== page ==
After EffectsTutorials

Animate Rain Shadows in After Effects


Changing the look, feel, atmosphere, temperature, and mood in an After Effects 3D scene can make all the difference to your animation. Lighting and color go a long way to achieving this but using some little-known techniques and tricks can really take your scene to the next level of reality. In this tutorial, we’re going to animate rain shadows in a hallway being cast from an outside light source.

[If you’d like to preview the final effect, click here. All files are for personal use only.]

To begin, you’ll need a 3D scene with a camera in After Effects. The best way to do this is to use the wonderful Vanishing Point Exchange (VPE) feature between Photoshop CS3 Extended and After Effects CS3, which was the subject of my “Two-Dee Three-Dee” tutorial (see Layers magazine, Nov/Dec 2007, p. 94). You can also build one yourself by using solids or imported, texture images. For this tutorial, I’ve created a VPE from a still image of a long corridor, imported it into AE, and opened its composition.


In your Timeline, double-click the Camera icon to bring up its settings dialog and make any changes to enhance your scene. In this case, we chose 35mm from the Preset menu. Make sure that the Enable Depth of Field checkbox is disabled and click OK. Then go to Layer>Transform>Auto Orient, click the Off radio button, and click OK. Now hit the P key to reveal the camera’s Position property in the Timeline, and drag on the X, Y, and Z values to position your camera to a more interesting angle in your scene.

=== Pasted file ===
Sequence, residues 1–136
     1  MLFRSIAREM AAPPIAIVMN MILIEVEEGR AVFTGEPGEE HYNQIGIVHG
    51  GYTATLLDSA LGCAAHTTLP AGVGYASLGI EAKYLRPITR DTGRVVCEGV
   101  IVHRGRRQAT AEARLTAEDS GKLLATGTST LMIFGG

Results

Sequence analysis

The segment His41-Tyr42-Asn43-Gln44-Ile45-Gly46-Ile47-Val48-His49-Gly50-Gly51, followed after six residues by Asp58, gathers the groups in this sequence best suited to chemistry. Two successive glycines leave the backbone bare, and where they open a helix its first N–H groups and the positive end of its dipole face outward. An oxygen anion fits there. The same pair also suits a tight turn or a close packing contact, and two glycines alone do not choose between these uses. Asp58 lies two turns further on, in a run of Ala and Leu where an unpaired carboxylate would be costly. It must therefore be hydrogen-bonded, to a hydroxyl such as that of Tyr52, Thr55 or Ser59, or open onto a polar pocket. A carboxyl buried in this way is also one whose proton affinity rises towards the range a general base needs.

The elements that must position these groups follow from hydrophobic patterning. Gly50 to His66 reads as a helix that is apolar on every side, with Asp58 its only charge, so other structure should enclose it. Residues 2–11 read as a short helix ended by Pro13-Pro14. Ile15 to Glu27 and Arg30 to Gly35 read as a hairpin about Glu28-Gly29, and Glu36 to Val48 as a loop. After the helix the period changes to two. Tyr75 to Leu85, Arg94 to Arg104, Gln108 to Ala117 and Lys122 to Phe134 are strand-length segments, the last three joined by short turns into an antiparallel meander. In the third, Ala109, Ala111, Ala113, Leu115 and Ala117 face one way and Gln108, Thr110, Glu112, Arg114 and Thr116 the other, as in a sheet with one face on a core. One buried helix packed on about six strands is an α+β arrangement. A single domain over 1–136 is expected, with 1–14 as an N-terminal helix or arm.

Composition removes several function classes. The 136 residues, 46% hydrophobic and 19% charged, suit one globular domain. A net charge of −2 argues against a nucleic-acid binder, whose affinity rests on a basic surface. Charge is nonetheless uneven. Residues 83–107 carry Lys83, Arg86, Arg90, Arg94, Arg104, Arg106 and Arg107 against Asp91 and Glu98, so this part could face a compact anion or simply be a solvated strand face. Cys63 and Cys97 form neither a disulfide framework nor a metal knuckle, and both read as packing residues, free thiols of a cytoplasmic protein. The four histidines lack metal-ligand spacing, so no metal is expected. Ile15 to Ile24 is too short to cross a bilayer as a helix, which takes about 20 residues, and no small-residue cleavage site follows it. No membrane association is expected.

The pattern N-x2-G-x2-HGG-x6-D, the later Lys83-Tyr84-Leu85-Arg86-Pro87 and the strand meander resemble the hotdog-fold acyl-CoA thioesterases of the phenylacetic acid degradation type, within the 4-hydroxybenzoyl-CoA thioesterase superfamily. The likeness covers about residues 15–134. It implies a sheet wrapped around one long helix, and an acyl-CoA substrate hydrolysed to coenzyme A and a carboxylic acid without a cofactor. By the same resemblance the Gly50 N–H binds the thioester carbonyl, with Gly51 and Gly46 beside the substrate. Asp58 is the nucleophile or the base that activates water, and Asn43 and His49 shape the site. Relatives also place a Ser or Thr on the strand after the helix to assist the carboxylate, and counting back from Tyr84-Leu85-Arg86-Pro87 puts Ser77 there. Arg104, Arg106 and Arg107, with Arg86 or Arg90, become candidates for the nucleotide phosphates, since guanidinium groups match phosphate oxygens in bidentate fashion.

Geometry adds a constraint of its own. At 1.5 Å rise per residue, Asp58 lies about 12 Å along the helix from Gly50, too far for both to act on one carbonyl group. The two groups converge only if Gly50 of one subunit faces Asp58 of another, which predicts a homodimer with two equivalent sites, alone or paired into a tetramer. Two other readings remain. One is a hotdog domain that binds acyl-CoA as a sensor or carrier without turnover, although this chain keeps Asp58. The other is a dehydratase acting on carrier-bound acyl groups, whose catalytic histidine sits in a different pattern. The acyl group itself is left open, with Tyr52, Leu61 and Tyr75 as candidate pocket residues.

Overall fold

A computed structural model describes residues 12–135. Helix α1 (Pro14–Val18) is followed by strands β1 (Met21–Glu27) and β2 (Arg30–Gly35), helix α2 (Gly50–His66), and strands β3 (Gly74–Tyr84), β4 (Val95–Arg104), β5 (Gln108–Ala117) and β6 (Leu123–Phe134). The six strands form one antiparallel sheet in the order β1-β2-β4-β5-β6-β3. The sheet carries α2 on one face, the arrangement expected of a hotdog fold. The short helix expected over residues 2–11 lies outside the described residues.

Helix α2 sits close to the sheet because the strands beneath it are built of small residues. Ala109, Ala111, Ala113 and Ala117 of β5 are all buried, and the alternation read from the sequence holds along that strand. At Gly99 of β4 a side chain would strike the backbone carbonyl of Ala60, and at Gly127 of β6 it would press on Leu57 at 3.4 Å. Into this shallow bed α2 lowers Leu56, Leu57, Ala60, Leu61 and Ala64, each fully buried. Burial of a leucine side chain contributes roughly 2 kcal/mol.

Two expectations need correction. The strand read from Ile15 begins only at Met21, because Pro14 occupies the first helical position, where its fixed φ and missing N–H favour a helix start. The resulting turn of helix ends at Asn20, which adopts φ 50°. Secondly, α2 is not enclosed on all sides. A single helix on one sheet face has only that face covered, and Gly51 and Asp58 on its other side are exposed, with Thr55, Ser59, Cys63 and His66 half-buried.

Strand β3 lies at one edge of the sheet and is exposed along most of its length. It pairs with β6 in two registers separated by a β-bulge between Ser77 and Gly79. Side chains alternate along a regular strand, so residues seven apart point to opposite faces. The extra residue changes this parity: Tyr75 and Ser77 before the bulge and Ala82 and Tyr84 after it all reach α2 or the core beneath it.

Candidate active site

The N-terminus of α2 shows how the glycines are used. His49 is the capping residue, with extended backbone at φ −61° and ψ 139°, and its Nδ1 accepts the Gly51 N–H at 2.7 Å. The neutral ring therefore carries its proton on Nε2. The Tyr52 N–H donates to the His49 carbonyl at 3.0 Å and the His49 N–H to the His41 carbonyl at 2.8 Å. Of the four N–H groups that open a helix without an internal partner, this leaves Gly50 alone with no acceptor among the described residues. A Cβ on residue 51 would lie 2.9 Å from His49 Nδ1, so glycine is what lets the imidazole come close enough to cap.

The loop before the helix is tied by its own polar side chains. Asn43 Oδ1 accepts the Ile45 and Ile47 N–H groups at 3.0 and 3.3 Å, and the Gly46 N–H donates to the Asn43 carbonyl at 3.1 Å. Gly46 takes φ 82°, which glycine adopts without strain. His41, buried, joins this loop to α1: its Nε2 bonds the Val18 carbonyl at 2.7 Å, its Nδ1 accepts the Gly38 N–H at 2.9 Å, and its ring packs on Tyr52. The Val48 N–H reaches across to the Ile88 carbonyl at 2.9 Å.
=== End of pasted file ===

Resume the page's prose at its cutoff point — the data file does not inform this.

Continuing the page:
At 0 seconds along the Timeline, go to Layer>New>Light. In the Light Settings dialog, select Spot from the Light Type option, set Intensity to 100%, Cone Angle to 90°, and Cone Feather to 50%. Check the Casts Shadows box on, with 100% Darkness and 0 pixels Diffusion. Most importantly, click the Color swatch, set the color to a very light cream—a more accurate simulation of daylight, as light is not pure white—and click OK to close the Color Picker. Click OK to add the light, and it’ll appear in the scene, which is suddenly very dark!

With the light selected, hit P to show its Position property, and place it centrally on X and Y, but further back on the Z axis, behind the camera (as the camera would be inside the “room”). The corridor is slightly lit, but overly bright at the end. Select all the layers that make up your walls, ceiling, floor, etc., and press AA to reveal their 3D Material properties. Change Diffuse to 0%, Specular to 30%, and Shininess to 0% for all of the 3D layers. This sets us up for the all-important ambient light.